1813. Item #16938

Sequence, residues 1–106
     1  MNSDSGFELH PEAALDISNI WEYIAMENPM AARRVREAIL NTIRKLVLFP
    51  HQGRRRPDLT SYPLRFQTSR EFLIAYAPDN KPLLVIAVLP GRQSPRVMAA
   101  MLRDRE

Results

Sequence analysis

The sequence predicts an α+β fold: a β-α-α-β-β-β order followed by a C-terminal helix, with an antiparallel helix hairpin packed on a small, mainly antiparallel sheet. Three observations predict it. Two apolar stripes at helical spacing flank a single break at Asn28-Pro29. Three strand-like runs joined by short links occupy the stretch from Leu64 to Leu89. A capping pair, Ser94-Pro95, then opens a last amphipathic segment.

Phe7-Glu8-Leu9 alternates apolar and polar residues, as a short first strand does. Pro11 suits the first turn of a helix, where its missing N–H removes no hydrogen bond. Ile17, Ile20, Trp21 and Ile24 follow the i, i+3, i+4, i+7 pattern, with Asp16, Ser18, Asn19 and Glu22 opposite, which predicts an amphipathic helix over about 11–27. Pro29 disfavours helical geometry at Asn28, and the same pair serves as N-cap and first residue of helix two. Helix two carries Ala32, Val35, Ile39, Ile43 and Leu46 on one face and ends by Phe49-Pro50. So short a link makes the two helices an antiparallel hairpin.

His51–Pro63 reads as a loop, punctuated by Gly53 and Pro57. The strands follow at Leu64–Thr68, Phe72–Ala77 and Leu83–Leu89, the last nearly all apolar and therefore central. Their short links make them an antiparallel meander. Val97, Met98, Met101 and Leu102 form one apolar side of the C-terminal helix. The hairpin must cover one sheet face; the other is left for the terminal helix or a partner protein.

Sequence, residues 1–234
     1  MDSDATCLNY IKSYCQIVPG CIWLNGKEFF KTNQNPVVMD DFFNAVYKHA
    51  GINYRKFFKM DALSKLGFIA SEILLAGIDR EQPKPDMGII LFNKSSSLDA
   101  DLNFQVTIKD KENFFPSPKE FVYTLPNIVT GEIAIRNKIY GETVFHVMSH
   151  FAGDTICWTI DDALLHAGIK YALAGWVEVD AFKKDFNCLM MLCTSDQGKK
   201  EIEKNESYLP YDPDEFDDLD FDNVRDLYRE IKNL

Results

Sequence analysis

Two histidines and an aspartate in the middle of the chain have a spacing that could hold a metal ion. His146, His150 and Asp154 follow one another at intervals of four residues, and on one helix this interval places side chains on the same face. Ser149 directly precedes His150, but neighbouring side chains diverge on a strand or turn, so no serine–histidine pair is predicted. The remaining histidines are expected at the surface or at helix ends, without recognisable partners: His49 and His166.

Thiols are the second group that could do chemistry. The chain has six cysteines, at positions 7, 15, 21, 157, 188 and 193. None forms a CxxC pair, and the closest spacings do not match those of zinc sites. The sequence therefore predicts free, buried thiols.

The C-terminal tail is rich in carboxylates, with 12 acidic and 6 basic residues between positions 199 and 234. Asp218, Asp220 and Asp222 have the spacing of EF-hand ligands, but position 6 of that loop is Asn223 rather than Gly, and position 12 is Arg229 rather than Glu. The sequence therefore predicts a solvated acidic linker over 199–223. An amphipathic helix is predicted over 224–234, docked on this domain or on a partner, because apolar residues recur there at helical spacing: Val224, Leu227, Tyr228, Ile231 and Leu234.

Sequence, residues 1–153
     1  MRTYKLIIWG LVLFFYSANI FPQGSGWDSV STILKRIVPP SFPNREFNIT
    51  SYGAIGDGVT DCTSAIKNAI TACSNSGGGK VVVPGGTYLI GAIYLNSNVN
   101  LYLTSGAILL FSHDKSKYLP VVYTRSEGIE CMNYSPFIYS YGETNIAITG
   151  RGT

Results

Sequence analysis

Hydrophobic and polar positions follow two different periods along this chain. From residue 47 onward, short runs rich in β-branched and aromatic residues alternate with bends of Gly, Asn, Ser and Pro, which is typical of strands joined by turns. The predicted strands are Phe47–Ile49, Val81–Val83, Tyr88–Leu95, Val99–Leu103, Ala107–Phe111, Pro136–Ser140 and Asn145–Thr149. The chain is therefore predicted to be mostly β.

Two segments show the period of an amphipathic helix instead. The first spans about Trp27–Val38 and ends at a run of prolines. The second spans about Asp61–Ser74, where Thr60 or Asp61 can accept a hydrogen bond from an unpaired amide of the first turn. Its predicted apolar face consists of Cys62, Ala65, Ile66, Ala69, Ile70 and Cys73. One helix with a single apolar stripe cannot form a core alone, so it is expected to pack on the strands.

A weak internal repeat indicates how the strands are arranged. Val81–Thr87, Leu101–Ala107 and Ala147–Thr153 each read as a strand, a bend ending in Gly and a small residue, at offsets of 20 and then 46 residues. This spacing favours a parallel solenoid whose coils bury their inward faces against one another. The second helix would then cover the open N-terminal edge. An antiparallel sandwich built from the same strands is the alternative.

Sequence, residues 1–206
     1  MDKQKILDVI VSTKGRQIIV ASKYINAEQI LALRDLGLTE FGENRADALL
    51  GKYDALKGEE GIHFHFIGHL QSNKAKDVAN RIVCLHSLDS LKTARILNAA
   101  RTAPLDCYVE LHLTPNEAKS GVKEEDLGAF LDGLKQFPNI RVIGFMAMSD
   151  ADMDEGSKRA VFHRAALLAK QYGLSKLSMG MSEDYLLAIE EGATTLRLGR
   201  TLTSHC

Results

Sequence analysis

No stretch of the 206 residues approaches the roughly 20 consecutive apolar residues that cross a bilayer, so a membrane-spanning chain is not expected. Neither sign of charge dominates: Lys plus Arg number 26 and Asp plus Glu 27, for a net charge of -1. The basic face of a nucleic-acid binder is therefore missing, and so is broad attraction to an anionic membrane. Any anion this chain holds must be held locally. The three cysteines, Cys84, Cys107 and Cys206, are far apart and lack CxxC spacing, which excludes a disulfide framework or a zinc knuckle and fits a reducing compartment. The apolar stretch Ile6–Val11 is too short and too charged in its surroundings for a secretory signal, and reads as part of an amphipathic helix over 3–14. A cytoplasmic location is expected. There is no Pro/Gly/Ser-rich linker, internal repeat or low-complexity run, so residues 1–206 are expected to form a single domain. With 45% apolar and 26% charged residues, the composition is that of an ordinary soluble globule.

Gibbons, Thomas [buyer of coaches], et al. Two Early 19th-Century Manuscript Orders for Carriages, Newark, NJ. (1) Letter of agreement between Miller and Crane [coachmakers] and T[homas] Gibbons, 1813. (2) Memorandum of agreement between Robert B. Campfield [coachmaker] and Thomas Gibbons, 1814, with detailed specifications for the carriage. Two sheets, one folded (creases split). Very good in readable ink hand. ** In the first agreement, Miller and Crane are to imitate a carriage owned by, or built by, one A. Anderson of New York. The second agreement outlines in 2 1/2 pages what Mr. Gibbons requires for his luxurious coach--details of size and weight, doors, body, interior, wheels, etc., all to be made of "the best materials." Robert B. Campfield (b. 1770) was an early and important Newark coachmaker, at a time when there were few American coachmakers, since the best vehicles were imported from Europe. (There were plenty of wagon makers.) Campfield pioneered in setting up a one-stop carriage-making shop--body, wheels, painting, trim, etc,, all carried out under one roof. Around 1860, when he was in his nineties and long retired, he was described as "the oldest practical coachmaker living."